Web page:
This was not where I expected to confront modern day slavery. Not here in the Pacific Northwest. Not at a Christian University. But there he was—a real slave—at the end of the row directly in front of me. He was standing along with everyone else . . . but his eyes were captive to his phone. If he had been texting, I could have understood. Relationships are important to him. Maybe he's dealing with a family crisis. But that was not the case. He was playing a game. I cringe just typing those words. I could see the handcuffs cutting into his flesh.
I was baffled. He wasn't sitting in the back row, wasn't making any effort to hide his addiction. He was sitting on the inside aisle in full view of everyone, including this professor.
And he was not alone. At one point everyone in my row and all 8 guys in the row in front of me were on their phones. At the same time the guys behind me were snickering. I looked out across the auditorium. Those in my row seemed to be especially distracted, but I could see phones out all over the room.
During the skit.
During the main message.
I wanted to stand up and cry out. I wanted to interrupt our speaker and ask for the microphone. I wanted to say Here, let me hold that for you so you don't miss out. Don't you see you are enslaved? Don't you see that you have lost the art of being human? Lost the ability to be truly present? You are going to need these skills as an employee, as a husband, as a father, as a leader, as a friend.
How did we get here? How did this tiny computer manage to become the only thing that matters? The only thing alluring enough to capture our attention? Why have we let it fragment our focus into smaller and smaller pieces until we can no longer remember what it means to sit in silence and listen? When is the last time we have sat across from someone and looked into their eyes?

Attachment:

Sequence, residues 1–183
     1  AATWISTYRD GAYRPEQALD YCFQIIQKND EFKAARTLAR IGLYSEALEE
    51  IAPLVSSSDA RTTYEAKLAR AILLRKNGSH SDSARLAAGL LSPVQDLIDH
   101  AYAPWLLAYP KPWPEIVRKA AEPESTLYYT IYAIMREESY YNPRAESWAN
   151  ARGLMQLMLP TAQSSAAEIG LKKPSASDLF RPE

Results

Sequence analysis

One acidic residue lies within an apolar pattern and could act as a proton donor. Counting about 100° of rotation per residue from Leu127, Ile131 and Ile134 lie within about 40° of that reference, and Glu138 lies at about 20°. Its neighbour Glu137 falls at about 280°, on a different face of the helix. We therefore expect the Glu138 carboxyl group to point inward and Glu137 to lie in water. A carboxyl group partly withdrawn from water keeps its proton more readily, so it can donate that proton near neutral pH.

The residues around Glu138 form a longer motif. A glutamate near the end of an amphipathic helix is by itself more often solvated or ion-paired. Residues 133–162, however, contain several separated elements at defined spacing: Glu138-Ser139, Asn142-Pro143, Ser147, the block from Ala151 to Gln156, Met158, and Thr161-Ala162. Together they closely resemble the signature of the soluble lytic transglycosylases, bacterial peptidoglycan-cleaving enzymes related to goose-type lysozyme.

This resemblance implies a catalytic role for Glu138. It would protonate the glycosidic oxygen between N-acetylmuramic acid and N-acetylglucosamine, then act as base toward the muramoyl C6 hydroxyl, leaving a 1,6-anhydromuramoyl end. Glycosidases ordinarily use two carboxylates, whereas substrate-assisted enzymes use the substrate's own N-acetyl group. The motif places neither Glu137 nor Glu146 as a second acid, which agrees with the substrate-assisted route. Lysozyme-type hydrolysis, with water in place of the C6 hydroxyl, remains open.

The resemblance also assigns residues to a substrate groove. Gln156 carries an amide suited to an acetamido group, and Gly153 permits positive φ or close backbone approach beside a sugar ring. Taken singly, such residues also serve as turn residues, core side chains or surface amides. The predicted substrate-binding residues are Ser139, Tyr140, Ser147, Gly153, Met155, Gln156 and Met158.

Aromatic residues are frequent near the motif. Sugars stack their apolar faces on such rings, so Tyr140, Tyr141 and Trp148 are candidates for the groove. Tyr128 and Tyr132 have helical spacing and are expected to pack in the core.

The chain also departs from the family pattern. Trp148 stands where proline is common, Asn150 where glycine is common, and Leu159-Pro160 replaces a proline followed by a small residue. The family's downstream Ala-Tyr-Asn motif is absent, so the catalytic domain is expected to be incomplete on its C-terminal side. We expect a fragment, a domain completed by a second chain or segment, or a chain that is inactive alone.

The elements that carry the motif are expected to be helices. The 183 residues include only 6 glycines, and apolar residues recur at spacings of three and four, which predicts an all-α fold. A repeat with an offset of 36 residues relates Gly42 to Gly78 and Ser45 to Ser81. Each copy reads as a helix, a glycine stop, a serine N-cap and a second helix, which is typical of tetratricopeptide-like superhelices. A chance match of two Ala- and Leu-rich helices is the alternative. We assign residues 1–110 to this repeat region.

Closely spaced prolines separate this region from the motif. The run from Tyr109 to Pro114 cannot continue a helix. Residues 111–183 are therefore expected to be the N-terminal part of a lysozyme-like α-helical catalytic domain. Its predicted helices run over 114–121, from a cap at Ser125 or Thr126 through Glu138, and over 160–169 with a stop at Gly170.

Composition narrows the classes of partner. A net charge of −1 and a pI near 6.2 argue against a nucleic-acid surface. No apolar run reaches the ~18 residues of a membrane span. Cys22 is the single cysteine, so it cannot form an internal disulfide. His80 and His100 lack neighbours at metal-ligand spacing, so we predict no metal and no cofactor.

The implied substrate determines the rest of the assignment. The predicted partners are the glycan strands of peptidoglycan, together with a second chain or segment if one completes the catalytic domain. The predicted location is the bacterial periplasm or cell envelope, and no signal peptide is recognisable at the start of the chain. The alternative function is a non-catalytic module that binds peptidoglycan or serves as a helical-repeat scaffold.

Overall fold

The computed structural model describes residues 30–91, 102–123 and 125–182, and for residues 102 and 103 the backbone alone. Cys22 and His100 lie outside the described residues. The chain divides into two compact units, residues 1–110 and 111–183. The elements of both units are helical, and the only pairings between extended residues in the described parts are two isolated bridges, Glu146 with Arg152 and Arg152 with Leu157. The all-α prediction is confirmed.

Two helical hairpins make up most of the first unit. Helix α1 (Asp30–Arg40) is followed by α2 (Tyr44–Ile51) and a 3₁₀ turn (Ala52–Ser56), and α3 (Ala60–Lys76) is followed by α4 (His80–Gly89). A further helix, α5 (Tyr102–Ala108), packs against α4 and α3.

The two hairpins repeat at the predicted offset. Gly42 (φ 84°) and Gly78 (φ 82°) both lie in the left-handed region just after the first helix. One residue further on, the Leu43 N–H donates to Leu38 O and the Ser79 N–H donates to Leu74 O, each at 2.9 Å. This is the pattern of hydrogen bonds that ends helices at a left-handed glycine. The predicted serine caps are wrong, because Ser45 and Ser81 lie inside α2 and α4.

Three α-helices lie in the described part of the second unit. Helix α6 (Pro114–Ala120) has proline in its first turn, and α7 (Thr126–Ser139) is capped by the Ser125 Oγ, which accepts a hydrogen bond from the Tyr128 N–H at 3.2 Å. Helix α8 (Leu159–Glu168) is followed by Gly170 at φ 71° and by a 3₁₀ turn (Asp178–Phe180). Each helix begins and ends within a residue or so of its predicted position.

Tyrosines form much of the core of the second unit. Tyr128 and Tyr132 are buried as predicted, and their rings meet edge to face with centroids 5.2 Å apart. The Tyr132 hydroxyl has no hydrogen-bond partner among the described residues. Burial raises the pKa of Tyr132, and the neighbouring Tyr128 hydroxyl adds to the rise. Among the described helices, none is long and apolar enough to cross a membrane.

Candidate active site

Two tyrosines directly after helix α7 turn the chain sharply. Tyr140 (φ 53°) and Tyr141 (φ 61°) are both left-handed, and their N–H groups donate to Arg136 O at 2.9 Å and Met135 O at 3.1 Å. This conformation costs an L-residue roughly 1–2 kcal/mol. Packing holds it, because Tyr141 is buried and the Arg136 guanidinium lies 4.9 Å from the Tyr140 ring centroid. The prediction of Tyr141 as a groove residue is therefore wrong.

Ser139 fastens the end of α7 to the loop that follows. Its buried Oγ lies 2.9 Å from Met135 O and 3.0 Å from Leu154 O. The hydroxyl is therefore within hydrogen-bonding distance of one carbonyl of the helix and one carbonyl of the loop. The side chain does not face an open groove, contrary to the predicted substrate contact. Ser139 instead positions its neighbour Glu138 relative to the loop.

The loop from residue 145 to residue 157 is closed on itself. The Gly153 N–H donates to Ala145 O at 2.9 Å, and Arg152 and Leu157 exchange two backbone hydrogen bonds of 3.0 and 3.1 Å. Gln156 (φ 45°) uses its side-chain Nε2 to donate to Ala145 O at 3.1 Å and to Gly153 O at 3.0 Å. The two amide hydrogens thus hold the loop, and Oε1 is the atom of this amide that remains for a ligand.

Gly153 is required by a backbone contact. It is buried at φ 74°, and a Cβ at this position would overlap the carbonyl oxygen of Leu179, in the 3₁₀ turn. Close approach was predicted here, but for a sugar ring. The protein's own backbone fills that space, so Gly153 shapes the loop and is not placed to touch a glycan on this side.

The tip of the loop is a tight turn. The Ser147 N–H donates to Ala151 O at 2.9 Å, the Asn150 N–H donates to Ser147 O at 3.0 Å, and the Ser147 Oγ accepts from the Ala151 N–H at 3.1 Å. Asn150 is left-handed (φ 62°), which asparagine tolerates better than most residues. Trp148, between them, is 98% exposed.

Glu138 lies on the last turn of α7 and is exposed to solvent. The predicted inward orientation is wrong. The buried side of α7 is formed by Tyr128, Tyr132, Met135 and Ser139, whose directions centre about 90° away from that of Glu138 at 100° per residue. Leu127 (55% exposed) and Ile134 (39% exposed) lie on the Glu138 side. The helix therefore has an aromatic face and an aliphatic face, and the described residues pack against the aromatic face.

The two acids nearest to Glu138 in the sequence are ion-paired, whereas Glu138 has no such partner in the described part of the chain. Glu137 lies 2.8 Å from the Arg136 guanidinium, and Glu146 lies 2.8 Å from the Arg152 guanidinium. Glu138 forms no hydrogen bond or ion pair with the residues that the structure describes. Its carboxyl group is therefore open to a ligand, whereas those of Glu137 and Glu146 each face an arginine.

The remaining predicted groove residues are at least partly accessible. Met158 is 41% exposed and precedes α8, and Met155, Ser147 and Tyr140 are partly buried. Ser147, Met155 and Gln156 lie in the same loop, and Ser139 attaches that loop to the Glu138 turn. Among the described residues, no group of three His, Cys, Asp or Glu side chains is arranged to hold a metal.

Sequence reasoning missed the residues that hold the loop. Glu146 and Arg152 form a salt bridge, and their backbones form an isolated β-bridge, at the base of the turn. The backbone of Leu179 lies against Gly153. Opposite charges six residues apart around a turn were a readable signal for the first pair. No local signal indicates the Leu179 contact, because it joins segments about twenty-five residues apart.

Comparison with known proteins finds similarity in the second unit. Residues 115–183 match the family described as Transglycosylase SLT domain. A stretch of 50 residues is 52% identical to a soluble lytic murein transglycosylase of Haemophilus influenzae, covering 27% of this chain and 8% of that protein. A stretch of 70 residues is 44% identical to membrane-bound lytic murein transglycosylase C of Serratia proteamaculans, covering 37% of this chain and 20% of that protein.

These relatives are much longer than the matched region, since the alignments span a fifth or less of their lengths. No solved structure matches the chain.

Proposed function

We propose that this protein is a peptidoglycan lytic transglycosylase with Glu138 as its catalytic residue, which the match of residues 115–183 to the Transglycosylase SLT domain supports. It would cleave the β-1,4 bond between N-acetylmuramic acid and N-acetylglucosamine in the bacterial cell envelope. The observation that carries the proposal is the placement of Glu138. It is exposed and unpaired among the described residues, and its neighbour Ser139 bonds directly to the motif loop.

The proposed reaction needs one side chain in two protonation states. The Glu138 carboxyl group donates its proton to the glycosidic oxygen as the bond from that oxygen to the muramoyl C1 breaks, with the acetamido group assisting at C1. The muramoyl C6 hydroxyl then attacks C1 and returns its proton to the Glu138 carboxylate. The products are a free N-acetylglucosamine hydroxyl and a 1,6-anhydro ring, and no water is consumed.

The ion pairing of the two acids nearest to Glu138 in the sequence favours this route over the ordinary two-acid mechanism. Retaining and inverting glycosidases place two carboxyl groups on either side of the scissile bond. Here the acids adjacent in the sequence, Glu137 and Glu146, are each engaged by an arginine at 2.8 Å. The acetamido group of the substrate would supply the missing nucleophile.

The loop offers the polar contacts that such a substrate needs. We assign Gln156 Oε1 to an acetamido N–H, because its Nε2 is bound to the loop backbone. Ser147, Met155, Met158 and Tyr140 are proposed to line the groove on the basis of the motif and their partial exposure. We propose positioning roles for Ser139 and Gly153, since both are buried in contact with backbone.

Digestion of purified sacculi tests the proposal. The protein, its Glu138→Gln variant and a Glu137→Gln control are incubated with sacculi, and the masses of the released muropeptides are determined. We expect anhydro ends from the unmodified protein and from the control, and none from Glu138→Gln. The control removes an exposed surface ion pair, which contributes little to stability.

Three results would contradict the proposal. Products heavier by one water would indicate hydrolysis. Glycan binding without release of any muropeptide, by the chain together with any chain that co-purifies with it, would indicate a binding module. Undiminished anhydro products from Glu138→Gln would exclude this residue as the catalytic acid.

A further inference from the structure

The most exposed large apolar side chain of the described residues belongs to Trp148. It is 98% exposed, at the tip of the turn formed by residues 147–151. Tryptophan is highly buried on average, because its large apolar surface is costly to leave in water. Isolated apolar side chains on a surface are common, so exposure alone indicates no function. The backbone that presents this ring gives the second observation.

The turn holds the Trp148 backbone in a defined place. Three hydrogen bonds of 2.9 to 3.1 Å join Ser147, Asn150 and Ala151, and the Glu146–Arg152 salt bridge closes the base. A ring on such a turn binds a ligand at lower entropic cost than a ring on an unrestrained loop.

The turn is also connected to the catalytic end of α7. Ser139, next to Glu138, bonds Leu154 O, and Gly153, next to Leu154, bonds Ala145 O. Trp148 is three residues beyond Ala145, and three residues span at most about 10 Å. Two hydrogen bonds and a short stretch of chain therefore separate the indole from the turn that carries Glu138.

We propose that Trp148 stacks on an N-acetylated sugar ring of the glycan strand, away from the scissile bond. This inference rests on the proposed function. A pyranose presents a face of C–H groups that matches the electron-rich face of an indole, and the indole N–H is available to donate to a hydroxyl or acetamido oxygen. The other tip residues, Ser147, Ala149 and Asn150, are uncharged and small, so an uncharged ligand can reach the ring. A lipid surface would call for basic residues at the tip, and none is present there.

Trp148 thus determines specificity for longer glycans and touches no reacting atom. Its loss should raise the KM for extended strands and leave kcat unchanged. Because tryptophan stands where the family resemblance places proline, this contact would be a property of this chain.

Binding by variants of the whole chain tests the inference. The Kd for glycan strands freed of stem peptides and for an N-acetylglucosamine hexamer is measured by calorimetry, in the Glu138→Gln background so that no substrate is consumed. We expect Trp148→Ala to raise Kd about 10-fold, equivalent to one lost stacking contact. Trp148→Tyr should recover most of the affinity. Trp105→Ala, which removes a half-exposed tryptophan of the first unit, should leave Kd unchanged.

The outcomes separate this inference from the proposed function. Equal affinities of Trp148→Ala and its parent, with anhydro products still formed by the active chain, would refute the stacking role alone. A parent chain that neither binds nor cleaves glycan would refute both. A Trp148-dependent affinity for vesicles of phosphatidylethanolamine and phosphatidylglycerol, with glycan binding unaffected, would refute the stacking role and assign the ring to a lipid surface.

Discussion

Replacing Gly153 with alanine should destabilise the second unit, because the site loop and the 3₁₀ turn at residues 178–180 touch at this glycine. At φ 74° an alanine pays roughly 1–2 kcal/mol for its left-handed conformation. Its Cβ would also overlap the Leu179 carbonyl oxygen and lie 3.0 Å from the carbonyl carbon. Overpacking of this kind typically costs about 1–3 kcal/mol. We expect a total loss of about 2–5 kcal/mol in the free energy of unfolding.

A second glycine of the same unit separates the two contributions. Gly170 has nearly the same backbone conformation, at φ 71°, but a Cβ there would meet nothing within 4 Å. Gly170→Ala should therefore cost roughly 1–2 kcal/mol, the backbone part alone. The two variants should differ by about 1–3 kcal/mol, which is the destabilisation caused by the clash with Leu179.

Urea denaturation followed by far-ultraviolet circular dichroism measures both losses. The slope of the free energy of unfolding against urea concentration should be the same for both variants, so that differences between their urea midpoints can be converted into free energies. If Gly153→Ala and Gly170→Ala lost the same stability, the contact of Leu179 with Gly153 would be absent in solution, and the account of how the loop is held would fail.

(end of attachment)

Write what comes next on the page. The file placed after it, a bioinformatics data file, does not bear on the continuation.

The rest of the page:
From time to time students come to see me. They sit in my office and bring their toughest questions and doubts out into the light—How could a good God allow this? Why doesn't God answer when I pray? How can I be sure what I'm supposed to do with my life? The Bible makes me angry, too angry to pray. I'm having an existential crisis. I'm struggling to keep up. This is all really new to me, so I might need some extra help. These are not the students who scare me. These students are my treasure—the ones who fill my heart with hope for this generation. These students are engaging life with eyes wide open. Their yearning for answers is their sure path to success.
It's the numb ones who scare me. Those who cross campus with faces illuminated by the eerie light of their screens. It's blinding them to the chains that entangle and weigh them down. They are tired. They feel pulled in so many directions. They never have enough sleep. Never enough time to get everything done. And they don't realize that they have willingly surrendered to this life of bondage. They don't even remember what it's like to be free.
|Photo credit: John Blanding for the Boston Globe|
Do you remember family dinners filled with conversation?
Do you remember drives in the country soaking in the view?
Do you remember watching something incredible live, without trying to capture it so you could update your status?
Do you remember feeling challenged by a live speaker?
Do you remember meeting someone in line?
Don't misunderstand me. I have a smartphone, too, and I love social media. But at some point it ceases to be a tool and becomes a slave master.
Ironically, the speaker earlier this week, AJ Swoboda, had given us a powerful challenge. We need to care for creation, he said, because creation is the most effective argument for the existence of God. To look up and see the stars far from the city lights inspires awe. To hike above the treeline puts everything in perspective. If we fail to care for this planet, we will lose the most powerful evangelistic witness we have.
And if we don't look up, we'll miss it, too.